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CDC warns health-care professionals about Vibrio vulnificus bacteria

The Centers for Disease Control and Prevention on Friday issued a national alert warning health-care professionals to watch out for infections of Vibrio vulnificus, a rare flesh-eating bacteria that has killed at least 13 people on the eastern seaboard this year.

Although infections from the bacteria have been mostly reported in the Gulf Coast, infections in the Eastern United States rose eightfold from 1988 to 2018, the CDC said. In the same period, the northern geographic range of infections has increased by 30 miles every year. This year’s infections came during a period of above-average coastal sea surface temperatures, the agency said.

Up to 200 people in the United States every year report Vibrio vulnificus infections to the CDC. A fifth of the cases are fatal, sometimes within one or two days of the onset of illness, according to the agency.

V. vulnificus wound infections have a short incubation period and are characterized by necrotizing skin and soft tissue infection,” it said. The CDC says many people infected with Vibrio vulnificus “require intensive care or limb amputations,” and that some infections lead to what is called necrotizing fasciitis, a severe infection in which the flesh around an open wound dies.

Friday’s warning urges health-care providers to consider the bacteria as a possible cause of infected wounds, particularly if patients were exposed to warm coastal waters during hotter months. “Extreme weather events, such as coastal floods, hurricanes, and storm surges, can force coastal waters into inland areas, putting people that are exposed to these waters” at increased risk of Vibrio wound infections, the CDC said.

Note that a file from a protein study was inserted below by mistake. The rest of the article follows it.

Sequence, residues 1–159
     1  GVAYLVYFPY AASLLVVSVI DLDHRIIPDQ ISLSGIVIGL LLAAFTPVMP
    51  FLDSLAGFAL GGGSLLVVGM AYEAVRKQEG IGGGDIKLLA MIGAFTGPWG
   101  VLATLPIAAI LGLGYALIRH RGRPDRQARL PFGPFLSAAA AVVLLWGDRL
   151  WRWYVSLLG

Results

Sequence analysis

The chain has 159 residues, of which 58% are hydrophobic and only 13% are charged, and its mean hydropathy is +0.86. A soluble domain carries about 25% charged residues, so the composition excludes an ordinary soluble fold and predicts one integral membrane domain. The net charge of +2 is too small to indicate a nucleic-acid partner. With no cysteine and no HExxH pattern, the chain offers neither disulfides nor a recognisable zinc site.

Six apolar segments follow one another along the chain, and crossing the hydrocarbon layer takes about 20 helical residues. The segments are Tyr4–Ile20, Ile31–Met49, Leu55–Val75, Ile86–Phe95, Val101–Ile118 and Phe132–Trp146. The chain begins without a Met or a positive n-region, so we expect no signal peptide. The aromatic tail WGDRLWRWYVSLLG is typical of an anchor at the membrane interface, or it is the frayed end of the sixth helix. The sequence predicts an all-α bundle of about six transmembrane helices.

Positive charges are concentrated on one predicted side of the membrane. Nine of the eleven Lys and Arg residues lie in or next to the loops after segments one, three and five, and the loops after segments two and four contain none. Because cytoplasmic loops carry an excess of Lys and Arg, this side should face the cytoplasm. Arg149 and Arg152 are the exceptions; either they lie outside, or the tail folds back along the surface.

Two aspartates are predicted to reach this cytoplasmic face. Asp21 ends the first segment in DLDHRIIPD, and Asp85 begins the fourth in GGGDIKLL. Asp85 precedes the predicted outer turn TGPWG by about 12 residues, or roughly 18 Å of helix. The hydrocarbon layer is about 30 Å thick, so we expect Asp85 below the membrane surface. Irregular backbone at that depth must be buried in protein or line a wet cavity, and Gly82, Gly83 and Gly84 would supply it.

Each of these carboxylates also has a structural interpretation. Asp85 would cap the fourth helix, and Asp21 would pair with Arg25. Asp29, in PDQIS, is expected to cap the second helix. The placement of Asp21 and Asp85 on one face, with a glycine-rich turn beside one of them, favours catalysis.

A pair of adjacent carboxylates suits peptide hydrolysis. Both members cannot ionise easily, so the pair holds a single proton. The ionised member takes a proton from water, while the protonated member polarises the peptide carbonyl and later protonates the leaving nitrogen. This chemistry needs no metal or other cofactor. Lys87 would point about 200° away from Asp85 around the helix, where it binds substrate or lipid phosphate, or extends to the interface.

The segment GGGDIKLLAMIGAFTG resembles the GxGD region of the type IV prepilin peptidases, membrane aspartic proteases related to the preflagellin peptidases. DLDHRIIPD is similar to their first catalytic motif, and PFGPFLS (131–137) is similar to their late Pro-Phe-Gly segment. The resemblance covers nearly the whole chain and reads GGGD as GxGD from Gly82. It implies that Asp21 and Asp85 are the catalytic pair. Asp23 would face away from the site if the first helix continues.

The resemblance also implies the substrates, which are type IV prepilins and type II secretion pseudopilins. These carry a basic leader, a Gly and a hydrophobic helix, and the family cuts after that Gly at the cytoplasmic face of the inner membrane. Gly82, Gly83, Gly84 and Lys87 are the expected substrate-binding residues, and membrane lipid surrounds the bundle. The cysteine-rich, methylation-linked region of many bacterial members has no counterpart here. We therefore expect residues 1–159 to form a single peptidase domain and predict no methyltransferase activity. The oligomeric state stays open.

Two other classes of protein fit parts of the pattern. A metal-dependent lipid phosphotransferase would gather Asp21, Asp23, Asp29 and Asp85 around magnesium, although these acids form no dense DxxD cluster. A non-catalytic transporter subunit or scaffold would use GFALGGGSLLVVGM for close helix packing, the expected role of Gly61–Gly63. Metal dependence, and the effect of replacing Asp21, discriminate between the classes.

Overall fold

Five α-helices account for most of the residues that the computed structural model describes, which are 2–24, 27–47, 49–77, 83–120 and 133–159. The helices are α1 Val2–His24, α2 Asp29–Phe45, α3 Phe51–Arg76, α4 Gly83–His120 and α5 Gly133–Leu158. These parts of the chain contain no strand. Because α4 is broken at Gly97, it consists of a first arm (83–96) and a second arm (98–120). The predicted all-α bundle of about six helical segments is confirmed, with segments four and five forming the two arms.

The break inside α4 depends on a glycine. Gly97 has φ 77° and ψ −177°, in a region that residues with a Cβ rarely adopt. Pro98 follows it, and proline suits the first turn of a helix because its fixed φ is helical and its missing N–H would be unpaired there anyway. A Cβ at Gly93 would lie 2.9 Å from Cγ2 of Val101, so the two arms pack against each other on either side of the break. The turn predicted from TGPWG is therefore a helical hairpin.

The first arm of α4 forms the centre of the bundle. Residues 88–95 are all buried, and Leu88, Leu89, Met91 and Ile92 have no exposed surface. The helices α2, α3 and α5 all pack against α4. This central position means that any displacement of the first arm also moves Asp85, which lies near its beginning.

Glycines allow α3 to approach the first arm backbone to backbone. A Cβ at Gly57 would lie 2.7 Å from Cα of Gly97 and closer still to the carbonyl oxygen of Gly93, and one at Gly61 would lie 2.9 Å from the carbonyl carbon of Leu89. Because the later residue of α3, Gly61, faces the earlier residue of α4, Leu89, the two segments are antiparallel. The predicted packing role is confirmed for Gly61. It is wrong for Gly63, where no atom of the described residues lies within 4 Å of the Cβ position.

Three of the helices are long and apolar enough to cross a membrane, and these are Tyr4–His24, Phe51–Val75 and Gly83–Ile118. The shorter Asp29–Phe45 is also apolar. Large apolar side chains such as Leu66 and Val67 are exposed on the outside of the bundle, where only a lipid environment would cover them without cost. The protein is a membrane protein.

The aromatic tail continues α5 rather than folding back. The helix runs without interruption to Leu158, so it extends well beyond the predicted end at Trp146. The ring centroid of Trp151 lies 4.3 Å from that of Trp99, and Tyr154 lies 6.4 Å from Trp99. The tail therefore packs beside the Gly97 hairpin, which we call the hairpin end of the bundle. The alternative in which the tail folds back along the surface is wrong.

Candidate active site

This year, health officials have reported at least one death linked to the bacteria in New York; two in Connecticut; three in North Carolina; and seven in Florida.

What we know about the rare flesh-eating bacteria that’s killed 3

Vibrio vulnificus is primarily transmitted when an open wound comes into contact with salt water or brackish water, the CDC said, adding that person-to-person transmission has not been reported. Those with underlying health conditions such as liver disease, diabetes and immunocompromising conditions are at higher risk of wound infection.

In around 10 percent of cases, the bacteria infect those who have eaten raw or undercooked shellfish.

The bacteria thrives in warmer waters, especially between May and October, and “in low-salt marine environments like estuaries,” according to the CDC.

The agency advises people with an uncovered wound or cut to avoid swimming in saltwater or brackish water. “If you get a cut while you are in the water, leave the water immediately,” it said.

The CDC recommends the use of waterproof bandages. Other advice to avoid infection includes cooking shellfish before eating them and washing hands with soap after handling raw shellfish.

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